UT professor’s book tackles inequity in Texas, confronts misrepresentation

Corinne Piorkowski, General Life&Arts Reporter

Domino Perez spent most of her childhood in Houston engulfed in literature and film. During countless trips to the library, Perez began to express her own life on paper.

Years later, Perez, a UT associate professor in English and Mexican American Studies and senior associate chair of the department of English, continues her love for storytelling. Her newest book, “Fatherhood in the Borderlands: A Daughter’s Slow Approach,” examines race, class, gender and the portrayal of Mexican American fathers in literature and film.

Centered on her upbringing in Houston, Perez said her community greatly influenced the memoir.

“I didn’t see people who looked like my family represented anywhere in literature or film,” Perez said. “I didn’t see Mexican American families represented with any kind of diversity or nuance.”

While Perez did not see many Mexican American fathers in the borderlands represented in movies, she said she bonded with her father over film growing up.

“I knew if I was going to write a book about an absence, I was also going to have to fill that absence with a presence,” Perez said. “I was going to have to write my father into (the story). I no longer talk to my father … but I still can’t ignore the influence he had on my critical thinking and how I think about film.”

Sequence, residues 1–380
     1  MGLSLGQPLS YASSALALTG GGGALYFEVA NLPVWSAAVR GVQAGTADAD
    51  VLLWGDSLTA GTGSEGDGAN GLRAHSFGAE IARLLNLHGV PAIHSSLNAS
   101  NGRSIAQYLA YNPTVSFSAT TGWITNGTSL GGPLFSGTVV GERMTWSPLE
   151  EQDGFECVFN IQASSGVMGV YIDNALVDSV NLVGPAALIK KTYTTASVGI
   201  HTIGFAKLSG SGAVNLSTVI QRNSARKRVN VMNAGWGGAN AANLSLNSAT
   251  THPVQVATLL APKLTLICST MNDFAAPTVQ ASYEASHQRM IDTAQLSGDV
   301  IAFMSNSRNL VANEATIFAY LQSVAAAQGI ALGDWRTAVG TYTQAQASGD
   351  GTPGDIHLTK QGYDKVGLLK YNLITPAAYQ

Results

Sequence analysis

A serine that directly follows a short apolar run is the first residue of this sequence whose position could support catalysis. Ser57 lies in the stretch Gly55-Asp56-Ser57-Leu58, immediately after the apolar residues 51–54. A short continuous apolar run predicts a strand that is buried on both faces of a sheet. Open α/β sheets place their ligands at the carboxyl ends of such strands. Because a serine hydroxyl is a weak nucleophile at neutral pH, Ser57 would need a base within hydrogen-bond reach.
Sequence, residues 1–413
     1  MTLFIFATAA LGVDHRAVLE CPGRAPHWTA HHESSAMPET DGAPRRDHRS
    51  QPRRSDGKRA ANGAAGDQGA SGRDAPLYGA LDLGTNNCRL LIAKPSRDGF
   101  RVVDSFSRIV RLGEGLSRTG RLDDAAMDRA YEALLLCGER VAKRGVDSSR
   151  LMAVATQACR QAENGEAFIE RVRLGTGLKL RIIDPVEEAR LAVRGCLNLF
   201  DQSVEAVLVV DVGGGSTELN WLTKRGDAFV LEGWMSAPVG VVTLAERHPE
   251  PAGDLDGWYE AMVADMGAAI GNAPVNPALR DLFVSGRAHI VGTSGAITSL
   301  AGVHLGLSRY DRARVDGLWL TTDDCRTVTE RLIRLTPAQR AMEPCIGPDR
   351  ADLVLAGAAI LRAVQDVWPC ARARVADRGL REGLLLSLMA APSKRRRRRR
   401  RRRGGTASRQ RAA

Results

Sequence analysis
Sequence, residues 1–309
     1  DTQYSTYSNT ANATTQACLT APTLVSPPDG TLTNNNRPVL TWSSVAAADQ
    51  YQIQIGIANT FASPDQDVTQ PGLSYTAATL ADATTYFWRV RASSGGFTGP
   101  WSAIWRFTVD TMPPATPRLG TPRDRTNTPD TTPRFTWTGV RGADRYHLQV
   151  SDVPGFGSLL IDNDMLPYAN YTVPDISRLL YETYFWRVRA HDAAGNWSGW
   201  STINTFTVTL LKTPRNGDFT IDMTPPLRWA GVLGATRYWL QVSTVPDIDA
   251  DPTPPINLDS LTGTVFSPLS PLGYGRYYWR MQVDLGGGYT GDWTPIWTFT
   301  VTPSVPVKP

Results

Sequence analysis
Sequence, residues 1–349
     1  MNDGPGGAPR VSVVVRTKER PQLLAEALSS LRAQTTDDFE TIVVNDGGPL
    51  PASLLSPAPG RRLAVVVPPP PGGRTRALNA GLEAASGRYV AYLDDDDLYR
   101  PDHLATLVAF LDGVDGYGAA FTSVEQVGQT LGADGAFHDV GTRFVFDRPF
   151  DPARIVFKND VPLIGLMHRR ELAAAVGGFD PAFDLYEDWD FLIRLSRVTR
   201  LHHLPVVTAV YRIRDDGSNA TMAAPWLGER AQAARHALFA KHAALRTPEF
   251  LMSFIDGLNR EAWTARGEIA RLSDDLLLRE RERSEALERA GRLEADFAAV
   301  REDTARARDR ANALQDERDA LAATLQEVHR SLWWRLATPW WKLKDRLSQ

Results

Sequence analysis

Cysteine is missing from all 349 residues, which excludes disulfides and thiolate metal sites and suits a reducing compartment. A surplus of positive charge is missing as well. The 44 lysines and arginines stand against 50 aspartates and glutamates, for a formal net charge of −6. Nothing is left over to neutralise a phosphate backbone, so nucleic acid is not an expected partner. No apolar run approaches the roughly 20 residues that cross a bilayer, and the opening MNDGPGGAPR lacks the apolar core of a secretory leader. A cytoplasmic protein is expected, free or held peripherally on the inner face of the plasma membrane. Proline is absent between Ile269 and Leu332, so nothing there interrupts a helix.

Perez said the book took her 10 years to write, with the bulk of it written during the COVID-19 pandemic. Amidst a confusing time, Perez said working on the book grounded her. 

“Through a series of events that were beyond my control, suddenly, I had a focus that I never had before,” Perez said. “That propelled this project forward after not being able to write it for 10 years. I wrote the book in seven months.”

Charlotte Canning, a UT theater and dance professor, became Perez’s writing buddy during the pandemic. Canning said “Fatherhood in the Borderlands” broadens the perspective of Texans’ lives beyond the white man.

“(It) disrupts the way we think about standard Texas histories … in ways that complicate and add nuance and detail,” Canning said. “It was an honor to be part of that process.”

James Cox, Perez’s husband and fellow UT English professor, said his unique position allowed him to see her entire journey. With an excerpt of Perez’s book featured in her hometown paper, The Houston Chronicle, Cox said recognition for Perez’s years of work created a special moment for everyone involved in the story.

“To see her experience, having part of her story appear in her hometown newspaper, of course was really exciting and satisfying for her but was equally exciting for her family,” Cox said.

Creating representation for herself and other Mexican Americans in the borderlands, Perez said she wants to continue to tell stories reflective of her upbringing in Houston, as well as confront misrepresentation in the media.

“Sometimes when we are looking for something and we can’t find it, we have to be the ones to make (it),” Perez said. “I found very limited representations of me and my familial experiences. What I did find, I felt it was important to talk about, and what I didn’t find, I felt it was important to write into existence.”